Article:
General Question

dalepetrie's avatar

What is your take on food expiration dates for canned/bottled foods?

Asked by dalepetrie (17923 points ) March 22nd, 2010

Specifically, do the rules change depending on whether the can/bottle has been opened, do they bear any relation to what is stamped on the outside of the container either before or after (or both) the time at which the container is opened? Does it depend on the specific product? I’ll use tomato juice as an example, as this is a real situation I just encountered and had to make a decision on, you can use that example, or use another product.

OK, so I had two identical plastic jugs of tomato juice. One had never been opened, but it had an expiration date about 1 to 2 months ago. The other jug of tomato juice was open and half gone and had an expiration date 13 months in the future. It did not look or smell funny, there was no detectable mold or fungus of any kind on the juice, but it was pushed to the back of my fridge, and I believe it to have been in there for a good 4 to 6 months.

So, would you in this situation…

a) use the bottle which SAYS it doesn’t expire for 13 months, even though you know it’s been open for 4 to 6 months and throw away the unopened bottle.
b) use the unopened bottle which SAYS it expired 1 to 2 months ago, because you trust that as long as it’s not opened, it would stay good, and throw away the open bottle.
c) use both bottles, the open one first and then the unopened one.
d) use neither and get some fresh juice at the store.

I felt more comfortable using the unopened bottle. What would you have done, and how do you regard printed expiration dates? Can some things be used a week, a month, a year after their date while others, regardless of the date you throw out x days after you open it? What are your rules?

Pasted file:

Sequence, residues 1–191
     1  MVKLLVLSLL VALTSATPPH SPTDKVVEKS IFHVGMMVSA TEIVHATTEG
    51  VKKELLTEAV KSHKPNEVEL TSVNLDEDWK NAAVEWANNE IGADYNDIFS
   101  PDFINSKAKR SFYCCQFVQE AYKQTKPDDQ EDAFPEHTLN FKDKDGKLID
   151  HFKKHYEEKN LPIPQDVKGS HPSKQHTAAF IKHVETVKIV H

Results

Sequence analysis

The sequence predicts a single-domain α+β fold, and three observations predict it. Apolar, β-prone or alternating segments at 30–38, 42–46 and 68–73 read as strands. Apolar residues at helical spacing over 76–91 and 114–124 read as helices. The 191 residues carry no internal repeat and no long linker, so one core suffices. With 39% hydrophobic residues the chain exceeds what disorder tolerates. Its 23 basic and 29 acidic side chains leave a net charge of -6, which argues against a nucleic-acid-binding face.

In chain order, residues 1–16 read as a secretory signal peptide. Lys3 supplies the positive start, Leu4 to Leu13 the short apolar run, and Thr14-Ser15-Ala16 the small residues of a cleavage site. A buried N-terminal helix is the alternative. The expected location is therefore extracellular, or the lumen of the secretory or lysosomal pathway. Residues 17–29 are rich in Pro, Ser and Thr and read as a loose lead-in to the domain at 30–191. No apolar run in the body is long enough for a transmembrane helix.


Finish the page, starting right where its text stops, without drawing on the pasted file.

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23 Answers

Seek's avatar

Expiration dates are a guideline.

They’re basically intended to say “ok, if someone with only basic common sense is completely lax about taking care of their stuff, how long should this last?”

That’s why the expiration date on meat is yesterday, and why cereal can “last” for years.

In that situation, I’d probably ditch the old juice, just as a precaution and keep the unopened juice. If the expiration date on the unopened juice was several years ago, it’d be an issue, but a few months isn’t anything to worry about.

susanc's avatar

Agree with you both.

phillis's avatar

I do C all the time. If the food is notorious for salmonella (mayonnaise-based salad dressings, chicken, pork, etc.) then I keep them either frozen or refridgerated, period. If they are left out, they are thrown out.

But some expiration dates are for preservatives, not freshness. Tomato juice is one such item. There are preservatives in most of the brands that maintain color. The color fades after awhile, even if you never open the can. They don’t want people thinking that this is an accurate representation of thier color, so they use the shlef life of the preservatives as thier freshness date. They are perfectly drinkable. Canned vegetables are the same way.